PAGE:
The Chamberlain Collection at the National Museum of Australia

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					The Chamberlain Collection at the National Museum of Australia
Chamberlain Symposium - August 14 2005

Key messages:
   o Comprehensiveness and power of collection
   o Ongoing public fascination
   o Personal collecting/public collection

1. Introduction
I’d like to thank the conference organisers for inviting me here to speak about the
Chamberlain Collection held at the National Museum of Australia [NMA].

The material related to the Chamberlain’s story is certainly one of the most fascinating
collections that has been entrusted to the Museum. Over 250 items in total that document
every aspect of events surrounding the disappearance of Azaria Chamberlain and the
subsequent experiences of her family.        Formed through working closely with the
Chamberlain-Creighton family the collection will continue to be an invaluable resource
for researchers, historians, curators and the endlessly fascinated public.

Putting together the collection has not been without controversy. Both the Museum and
the Chamberlain-Creighton family have faced criticism on a range of fronts for our work
together. During the early years of collecting many saw the collection as being altogether
in bad taste. The collecting project was seen as another way in which Lindy was profiting
and exploiting her experiences. The Museum was criticised for participating in this profit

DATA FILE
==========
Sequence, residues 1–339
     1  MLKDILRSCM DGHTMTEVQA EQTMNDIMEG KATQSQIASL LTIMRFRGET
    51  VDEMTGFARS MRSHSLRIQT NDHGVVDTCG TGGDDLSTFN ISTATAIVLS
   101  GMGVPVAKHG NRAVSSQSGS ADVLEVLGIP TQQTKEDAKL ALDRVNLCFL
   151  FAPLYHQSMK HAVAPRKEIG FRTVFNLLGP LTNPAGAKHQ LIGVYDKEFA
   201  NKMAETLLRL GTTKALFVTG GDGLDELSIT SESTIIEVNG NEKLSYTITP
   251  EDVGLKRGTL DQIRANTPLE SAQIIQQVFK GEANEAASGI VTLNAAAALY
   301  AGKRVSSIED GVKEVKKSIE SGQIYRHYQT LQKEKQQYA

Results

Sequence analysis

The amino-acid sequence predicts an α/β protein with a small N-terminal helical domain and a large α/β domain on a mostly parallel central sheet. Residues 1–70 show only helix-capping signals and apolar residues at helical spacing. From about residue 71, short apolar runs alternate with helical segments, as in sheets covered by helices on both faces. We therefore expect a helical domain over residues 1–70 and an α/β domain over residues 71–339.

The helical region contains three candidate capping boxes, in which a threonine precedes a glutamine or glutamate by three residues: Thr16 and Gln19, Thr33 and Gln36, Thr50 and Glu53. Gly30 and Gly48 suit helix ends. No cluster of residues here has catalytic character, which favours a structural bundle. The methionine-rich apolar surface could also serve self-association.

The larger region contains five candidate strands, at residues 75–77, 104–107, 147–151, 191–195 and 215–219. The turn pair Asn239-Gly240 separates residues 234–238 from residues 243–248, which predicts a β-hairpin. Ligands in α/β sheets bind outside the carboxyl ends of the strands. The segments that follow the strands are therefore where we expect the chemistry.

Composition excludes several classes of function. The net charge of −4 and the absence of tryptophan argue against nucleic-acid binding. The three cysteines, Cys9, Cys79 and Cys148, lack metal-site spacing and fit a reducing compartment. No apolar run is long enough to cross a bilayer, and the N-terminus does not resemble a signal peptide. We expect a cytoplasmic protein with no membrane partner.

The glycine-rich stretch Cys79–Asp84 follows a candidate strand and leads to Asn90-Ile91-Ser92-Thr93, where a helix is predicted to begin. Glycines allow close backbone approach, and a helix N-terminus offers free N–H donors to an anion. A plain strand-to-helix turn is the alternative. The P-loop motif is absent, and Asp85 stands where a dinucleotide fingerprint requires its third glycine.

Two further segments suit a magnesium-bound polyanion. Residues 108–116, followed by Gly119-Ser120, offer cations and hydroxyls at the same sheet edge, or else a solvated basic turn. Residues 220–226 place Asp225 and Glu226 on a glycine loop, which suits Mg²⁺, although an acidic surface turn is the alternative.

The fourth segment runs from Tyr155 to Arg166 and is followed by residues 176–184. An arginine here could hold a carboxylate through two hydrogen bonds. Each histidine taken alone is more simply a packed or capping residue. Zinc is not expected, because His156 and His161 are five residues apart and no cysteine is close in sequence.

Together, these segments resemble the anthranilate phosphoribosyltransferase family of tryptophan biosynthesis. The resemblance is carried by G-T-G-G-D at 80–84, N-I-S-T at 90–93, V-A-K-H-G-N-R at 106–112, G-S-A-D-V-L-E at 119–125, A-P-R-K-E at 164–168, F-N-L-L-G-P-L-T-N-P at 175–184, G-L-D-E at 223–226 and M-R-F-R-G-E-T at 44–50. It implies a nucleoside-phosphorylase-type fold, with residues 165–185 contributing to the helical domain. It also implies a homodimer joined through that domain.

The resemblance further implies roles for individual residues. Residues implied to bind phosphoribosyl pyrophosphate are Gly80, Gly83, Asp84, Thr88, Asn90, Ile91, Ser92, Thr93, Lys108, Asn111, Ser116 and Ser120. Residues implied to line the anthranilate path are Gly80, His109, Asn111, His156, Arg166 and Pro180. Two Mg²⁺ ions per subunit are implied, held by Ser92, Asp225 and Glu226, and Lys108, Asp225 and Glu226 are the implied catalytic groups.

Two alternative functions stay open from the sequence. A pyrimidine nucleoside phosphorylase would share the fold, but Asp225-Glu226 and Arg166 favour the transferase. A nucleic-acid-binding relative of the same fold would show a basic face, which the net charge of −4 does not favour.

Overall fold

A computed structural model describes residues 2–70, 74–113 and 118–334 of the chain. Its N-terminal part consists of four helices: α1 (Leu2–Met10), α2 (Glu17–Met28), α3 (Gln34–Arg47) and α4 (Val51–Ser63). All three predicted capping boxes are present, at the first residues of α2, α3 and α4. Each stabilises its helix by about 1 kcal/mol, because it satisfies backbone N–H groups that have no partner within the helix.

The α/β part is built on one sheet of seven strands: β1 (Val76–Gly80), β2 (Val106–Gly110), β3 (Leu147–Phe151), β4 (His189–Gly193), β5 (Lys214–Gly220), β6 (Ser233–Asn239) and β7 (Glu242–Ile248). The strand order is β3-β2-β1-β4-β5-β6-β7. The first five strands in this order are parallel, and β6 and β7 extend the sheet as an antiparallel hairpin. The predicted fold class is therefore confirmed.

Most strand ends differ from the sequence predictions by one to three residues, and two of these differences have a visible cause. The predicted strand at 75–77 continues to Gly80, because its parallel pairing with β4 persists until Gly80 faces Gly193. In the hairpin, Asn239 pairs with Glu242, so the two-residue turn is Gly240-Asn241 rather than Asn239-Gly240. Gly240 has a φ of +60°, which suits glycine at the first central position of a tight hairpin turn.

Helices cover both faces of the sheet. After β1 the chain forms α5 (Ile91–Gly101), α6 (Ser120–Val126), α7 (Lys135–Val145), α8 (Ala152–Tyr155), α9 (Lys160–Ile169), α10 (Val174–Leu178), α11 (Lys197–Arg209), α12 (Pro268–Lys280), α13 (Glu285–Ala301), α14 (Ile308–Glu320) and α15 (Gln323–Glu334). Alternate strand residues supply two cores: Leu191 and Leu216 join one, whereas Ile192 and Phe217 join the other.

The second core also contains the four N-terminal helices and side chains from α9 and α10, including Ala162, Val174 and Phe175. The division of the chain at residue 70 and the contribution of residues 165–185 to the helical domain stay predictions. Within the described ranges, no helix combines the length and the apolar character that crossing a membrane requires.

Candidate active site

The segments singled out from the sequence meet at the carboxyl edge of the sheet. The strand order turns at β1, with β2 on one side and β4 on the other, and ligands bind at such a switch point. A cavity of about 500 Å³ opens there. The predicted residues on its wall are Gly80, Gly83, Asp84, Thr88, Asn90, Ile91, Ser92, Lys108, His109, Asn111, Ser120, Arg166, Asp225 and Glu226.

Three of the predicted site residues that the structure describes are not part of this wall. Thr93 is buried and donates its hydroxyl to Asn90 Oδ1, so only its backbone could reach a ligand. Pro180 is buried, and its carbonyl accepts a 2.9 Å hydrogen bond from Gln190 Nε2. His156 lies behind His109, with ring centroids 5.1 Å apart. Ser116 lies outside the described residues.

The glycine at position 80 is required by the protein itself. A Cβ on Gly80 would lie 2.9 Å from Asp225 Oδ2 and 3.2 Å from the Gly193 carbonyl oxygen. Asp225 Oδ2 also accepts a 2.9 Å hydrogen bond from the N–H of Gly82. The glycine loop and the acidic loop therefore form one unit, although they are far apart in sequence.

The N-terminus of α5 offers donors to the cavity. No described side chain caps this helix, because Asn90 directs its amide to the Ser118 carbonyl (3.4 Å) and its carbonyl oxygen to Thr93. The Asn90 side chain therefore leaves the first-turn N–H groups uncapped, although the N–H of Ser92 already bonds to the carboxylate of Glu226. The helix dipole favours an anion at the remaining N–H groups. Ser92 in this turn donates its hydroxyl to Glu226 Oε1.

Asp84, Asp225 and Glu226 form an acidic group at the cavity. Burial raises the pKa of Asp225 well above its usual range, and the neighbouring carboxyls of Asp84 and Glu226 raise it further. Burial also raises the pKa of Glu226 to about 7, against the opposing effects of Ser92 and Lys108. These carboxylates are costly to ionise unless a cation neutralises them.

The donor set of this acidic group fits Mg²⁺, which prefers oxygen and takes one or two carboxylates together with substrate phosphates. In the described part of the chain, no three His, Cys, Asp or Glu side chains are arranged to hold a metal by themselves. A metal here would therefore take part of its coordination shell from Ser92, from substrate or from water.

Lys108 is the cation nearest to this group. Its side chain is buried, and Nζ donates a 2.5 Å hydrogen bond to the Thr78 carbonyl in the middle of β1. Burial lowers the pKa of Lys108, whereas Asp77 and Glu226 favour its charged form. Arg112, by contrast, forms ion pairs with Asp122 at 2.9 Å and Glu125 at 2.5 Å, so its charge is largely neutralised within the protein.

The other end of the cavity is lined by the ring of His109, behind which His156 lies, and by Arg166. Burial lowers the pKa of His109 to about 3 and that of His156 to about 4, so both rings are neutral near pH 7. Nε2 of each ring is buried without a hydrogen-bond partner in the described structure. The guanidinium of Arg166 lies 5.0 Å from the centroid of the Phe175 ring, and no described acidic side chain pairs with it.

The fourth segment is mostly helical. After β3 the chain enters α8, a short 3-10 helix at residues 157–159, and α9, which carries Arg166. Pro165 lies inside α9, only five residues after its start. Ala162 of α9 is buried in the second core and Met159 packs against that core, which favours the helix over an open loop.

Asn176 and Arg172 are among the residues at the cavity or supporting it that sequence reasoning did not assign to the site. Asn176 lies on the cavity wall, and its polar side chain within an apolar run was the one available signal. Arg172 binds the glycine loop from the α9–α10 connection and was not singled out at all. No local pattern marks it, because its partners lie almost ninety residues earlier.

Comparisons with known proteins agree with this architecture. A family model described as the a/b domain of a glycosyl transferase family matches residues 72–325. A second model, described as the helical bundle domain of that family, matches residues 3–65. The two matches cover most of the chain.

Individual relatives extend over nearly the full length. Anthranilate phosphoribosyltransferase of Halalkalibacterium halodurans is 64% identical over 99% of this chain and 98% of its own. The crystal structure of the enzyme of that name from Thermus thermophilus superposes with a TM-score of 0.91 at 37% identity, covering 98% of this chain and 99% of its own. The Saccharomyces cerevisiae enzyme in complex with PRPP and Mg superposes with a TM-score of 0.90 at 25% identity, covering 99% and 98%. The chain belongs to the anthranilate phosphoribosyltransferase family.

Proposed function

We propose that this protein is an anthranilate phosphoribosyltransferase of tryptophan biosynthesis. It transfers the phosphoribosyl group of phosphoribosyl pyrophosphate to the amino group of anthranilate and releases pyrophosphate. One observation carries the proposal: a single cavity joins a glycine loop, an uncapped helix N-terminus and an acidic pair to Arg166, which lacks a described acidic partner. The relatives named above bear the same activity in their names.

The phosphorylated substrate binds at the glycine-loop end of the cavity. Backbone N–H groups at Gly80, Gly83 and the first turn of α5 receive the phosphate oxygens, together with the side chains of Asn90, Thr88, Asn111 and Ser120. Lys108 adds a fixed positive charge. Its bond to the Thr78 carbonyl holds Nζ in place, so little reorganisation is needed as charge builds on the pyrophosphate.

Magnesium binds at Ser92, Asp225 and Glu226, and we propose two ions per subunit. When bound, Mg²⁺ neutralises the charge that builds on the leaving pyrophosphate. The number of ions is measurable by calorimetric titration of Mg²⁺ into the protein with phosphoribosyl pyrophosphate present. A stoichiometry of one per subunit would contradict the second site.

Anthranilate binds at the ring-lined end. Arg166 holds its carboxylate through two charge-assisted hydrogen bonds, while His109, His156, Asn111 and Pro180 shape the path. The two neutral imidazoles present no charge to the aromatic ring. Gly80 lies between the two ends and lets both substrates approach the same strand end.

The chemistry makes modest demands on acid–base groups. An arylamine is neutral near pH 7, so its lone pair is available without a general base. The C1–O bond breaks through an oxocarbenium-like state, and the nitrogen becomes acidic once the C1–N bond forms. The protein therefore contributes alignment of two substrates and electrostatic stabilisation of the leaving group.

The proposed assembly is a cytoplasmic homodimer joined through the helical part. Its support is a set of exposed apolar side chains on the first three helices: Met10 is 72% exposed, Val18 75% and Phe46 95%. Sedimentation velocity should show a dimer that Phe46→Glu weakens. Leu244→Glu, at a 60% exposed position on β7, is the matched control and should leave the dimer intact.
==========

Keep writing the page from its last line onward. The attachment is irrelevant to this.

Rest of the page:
making exercise, somehow aiding and abetting the perceived exploitation. A number of
people expressed the opinion that the case too recent, the wounds too raw for the
Museum to have anything to do with it.

The collection began to take form when Mrs Chamberlain began her work with the
National Library of Australia [NLA] to document her massive archival collection in
1992. During the course of this work it became apparent that she had also amassed a
significant material culture collection for which the Library was not the most appropriate
home. When news of the NLA & NMA collections made it to the press there was initial
outrage with the Sydney Morning Herald declaring on the 7th of October 1993 ‘Azaria’s
jacket sold by Lindy’ (f.127 file 92/339) - seemingly another crime to add to the list.

The Museum was forced to issue a press release justifying the collecting activity and
stating that:

      Azaria’s matinee jacket not in Museum’s Chamberlain Collection

      The National museum has acquired a collection of personal items
      relating to the Chamberlain case, however speculation today that